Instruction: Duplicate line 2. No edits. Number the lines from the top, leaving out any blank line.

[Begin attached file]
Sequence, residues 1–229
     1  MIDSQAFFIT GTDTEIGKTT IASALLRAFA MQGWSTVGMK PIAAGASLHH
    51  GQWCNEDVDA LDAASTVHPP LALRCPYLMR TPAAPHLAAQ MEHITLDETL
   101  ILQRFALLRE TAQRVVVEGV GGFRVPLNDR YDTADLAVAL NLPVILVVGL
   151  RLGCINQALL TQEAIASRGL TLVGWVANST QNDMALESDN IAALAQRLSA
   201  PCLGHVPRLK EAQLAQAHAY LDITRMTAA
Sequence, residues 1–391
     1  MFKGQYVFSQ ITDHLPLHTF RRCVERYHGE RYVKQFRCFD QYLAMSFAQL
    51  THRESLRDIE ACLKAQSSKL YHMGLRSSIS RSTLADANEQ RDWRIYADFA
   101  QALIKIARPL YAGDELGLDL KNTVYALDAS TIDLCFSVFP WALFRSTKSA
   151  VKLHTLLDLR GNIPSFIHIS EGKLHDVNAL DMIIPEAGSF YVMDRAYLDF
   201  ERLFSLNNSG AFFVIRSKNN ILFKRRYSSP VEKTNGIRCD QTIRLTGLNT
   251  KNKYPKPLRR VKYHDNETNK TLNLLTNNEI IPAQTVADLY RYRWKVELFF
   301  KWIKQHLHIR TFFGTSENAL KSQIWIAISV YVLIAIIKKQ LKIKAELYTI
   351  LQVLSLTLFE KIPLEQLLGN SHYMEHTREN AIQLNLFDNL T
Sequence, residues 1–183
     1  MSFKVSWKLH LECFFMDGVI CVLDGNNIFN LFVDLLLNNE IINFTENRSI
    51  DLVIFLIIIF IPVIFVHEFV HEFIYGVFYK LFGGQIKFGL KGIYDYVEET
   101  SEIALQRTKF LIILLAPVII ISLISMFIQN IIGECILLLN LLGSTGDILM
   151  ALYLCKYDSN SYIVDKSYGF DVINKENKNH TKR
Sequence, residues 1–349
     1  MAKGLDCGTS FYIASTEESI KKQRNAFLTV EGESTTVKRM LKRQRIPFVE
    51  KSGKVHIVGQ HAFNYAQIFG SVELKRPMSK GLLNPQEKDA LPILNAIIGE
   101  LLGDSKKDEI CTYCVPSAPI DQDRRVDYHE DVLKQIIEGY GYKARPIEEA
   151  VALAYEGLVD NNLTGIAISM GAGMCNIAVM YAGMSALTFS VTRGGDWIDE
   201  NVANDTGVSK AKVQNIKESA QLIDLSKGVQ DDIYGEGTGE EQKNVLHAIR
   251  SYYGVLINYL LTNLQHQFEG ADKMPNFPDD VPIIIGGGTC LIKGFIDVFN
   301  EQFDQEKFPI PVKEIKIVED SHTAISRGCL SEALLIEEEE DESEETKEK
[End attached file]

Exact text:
     1  MIDSQAFFIT GTDTEIGKTT IASALLRAFA MQGWSTVGMK PIAAGASLHH